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Vaccine. 2016 Nov 21;34(48):5912-5915. doi: 10.1016/j.vaccine.2016.10.032. Epub 2016 Oct 24.

Rotavirus, vaccine failure or diagnostic error?

Author information

1
Vaccine Research Department of FISABIO, Valencia, Spain.
2
Hospital La Fe, Valencia, Spain.
3
Vaccine Research Department of FISABIO, Valencia, Spain. Electronic address: jdiezdomingo@gmail.com.

Abstract

Immunochromatography (ICG) is highly used in clinical settings for rotavirus (RV) diagnosis. The specificity of the tests differs by brand type and is not 100%, therefore its use when the prevalence of the disease is low (i.e. in vaccinated children) may result in a proportion of false positive diagnoses. In some areas, vaccine effectiveness studies or surveillance is done using ICG. Our objective was to estimate the validity of ICG test in vaccinated children, and estimate the number of false positive results in the Valencian Region of Spain, where all RV infections are diagnosed using ICG and are not confirmed by PCR. Population based registries were used to identify all results from the RV antigen tests performed between January 2008 and June 2012 in children under 37months. Hospitalization and vaccination status of the patients were obtained by linking different databases through a unique identification number. The Positive Predictive Value of the ICG test depending on the vaccination status of the child, hospitalization and the rotavirus season was estimated by a Bayesian model of latent classes. Of the 48,833 tests with valid results, 9429 were done in vaccinated children, and of those 3963 (42%) during the rotavirus season. The prevalence of positive results in vaccinated varied from 2.9 to 21.4% of the tests depending on the hospitalization and seasonality. The estimated PPV also varied from 27.1 to 84.6% when stratified by these two parameters. Globally it is calculated that approximately 267 out of the 520 (51.3%) positives in vaccinated children were false positive tests. The large percentage of false positives, due to an excessive number of tests in vaccinated and out of the RV season, if interpreted as vaccine failures, can cause a loss of confidence in the vaccine and lower the estimates of vaccine effectiveness.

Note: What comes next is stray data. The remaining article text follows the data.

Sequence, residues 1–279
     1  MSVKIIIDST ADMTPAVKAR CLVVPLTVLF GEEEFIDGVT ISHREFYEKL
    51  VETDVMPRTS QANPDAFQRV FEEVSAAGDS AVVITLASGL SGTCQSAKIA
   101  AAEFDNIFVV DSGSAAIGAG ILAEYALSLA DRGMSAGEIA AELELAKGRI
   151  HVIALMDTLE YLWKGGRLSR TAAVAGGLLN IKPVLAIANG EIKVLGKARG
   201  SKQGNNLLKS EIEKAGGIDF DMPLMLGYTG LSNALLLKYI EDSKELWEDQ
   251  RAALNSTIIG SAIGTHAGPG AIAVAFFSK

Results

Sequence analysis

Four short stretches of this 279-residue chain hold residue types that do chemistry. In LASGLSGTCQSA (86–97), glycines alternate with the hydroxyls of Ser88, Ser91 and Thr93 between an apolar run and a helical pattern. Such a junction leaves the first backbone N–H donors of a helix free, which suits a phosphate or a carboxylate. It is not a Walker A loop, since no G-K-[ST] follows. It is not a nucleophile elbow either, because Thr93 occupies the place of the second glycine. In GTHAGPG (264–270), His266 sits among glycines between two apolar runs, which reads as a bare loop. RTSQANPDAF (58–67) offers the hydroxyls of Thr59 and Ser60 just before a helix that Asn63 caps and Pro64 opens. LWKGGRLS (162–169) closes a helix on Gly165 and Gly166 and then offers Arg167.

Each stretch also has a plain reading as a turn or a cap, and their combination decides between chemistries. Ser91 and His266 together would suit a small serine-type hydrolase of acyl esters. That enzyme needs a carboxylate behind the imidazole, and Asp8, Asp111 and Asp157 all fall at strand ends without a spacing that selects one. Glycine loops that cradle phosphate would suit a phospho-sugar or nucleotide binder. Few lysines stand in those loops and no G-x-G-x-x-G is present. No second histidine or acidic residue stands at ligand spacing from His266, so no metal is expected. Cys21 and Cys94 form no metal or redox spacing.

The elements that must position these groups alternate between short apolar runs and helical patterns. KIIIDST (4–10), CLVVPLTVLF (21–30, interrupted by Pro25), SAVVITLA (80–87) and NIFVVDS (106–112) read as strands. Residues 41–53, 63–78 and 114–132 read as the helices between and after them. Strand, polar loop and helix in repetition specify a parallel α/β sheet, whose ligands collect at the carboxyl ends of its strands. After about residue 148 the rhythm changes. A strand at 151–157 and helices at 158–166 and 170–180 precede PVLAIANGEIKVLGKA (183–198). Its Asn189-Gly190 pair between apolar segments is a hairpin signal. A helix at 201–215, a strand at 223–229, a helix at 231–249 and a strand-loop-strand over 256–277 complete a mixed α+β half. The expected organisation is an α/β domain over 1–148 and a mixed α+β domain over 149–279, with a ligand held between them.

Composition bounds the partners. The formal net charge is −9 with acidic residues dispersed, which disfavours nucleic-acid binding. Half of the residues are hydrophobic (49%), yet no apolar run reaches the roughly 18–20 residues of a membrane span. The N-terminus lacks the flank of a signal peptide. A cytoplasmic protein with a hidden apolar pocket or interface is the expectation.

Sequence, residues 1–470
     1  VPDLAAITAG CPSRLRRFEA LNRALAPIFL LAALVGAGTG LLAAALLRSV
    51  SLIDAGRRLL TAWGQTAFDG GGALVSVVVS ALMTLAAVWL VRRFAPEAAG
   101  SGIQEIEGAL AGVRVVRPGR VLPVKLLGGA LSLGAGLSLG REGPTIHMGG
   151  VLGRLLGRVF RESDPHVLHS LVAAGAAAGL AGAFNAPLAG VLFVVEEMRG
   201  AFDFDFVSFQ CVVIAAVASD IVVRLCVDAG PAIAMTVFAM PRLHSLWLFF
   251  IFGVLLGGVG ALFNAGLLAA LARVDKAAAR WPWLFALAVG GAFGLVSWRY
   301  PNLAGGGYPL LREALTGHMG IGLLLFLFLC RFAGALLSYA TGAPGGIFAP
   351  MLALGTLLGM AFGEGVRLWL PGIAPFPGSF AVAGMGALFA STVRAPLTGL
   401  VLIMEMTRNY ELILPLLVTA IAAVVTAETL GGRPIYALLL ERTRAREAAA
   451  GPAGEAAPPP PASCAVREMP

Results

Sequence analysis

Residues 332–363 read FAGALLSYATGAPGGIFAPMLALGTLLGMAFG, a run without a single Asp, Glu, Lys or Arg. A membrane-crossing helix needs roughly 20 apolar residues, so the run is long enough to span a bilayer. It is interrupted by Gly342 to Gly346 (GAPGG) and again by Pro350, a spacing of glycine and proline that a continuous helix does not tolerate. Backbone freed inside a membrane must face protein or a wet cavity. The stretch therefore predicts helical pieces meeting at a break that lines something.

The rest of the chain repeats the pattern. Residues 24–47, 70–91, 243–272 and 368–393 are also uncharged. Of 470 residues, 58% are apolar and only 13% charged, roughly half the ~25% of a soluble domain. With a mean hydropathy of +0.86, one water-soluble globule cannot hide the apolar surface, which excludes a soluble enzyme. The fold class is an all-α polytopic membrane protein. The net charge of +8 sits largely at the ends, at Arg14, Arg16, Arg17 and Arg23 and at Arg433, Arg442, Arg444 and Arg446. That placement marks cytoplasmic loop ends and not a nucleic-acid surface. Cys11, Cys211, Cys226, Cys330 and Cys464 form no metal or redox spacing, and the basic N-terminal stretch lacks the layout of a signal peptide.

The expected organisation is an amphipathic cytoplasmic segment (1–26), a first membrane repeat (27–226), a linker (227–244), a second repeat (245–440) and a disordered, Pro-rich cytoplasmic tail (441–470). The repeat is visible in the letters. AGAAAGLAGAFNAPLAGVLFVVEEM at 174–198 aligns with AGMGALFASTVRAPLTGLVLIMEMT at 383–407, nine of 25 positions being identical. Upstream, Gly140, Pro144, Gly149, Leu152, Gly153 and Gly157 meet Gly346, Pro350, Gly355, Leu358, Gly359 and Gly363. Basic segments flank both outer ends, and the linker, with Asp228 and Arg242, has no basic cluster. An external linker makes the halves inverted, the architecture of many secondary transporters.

KEYWORDS:

Diagnostic errors; Diagnostic tests; Rotavirus; Rotavirus infection; Rotavirus vaccines; Routine; Vaccine failure

PMID:
27789146
DOI:
10.1016/j.vaccine.2016.10.032
[Indexed for MEDLINE]

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